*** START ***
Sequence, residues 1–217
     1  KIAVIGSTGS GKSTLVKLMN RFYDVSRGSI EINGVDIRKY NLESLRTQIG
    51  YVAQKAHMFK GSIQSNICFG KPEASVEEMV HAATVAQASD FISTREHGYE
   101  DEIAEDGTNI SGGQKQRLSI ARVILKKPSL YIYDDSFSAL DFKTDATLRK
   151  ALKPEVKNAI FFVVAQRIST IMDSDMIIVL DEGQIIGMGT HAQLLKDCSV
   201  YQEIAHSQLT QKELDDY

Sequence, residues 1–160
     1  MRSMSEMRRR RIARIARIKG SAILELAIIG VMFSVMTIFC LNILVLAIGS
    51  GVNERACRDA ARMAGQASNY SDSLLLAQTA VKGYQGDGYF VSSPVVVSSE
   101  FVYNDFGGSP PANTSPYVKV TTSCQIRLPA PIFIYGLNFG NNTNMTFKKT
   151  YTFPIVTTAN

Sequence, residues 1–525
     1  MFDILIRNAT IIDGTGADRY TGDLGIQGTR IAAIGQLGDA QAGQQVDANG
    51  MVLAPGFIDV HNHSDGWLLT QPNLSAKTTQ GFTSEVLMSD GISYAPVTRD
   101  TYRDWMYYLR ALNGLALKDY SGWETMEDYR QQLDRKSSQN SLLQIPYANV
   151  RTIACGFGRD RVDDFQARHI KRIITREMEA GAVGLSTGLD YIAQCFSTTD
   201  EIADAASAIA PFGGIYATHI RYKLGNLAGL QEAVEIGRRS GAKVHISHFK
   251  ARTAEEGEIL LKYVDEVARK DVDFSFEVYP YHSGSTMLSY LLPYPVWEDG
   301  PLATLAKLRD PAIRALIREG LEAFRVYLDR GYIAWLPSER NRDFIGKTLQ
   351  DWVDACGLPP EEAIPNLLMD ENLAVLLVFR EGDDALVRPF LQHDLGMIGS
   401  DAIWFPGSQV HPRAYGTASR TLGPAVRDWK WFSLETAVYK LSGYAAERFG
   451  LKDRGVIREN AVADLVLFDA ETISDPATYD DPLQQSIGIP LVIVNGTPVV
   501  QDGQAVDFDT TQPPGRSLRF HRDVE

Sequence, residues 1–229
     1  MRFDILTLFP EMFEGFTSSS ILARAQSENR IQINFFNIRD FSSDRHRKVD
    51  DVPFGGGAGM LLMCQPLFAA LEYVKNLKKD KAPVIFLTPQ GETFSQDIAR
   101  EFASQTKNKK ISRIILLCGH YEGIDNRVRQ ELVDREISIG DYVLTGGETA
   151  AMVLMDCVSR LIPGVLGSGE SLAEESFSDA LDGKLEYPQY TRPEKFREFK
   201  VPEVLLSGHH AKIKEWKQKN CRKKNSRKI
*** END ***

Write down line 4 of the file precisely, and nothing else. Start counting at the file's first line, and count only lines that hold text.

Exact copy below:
   101  DEIAEDGTNI SGGQKQRLSI ARVILKKPSL YIYDDSFSAL DFKTDATLRK